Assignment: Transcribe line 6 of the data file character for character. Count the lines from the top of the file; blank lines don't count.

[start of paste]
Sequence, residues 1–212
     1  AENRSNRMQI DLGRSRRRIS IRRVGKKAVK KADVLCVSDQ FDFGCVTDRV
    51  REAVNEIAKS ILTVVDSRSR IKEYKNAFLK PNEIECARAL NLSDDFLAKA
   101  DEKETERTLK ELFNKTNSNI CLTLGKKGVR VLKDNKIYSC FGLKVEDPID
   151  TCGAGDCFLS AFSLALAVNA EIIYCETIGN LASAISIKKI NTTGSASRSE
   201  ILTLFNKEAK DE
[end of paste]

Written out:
   201  ILTLFNKEAK DE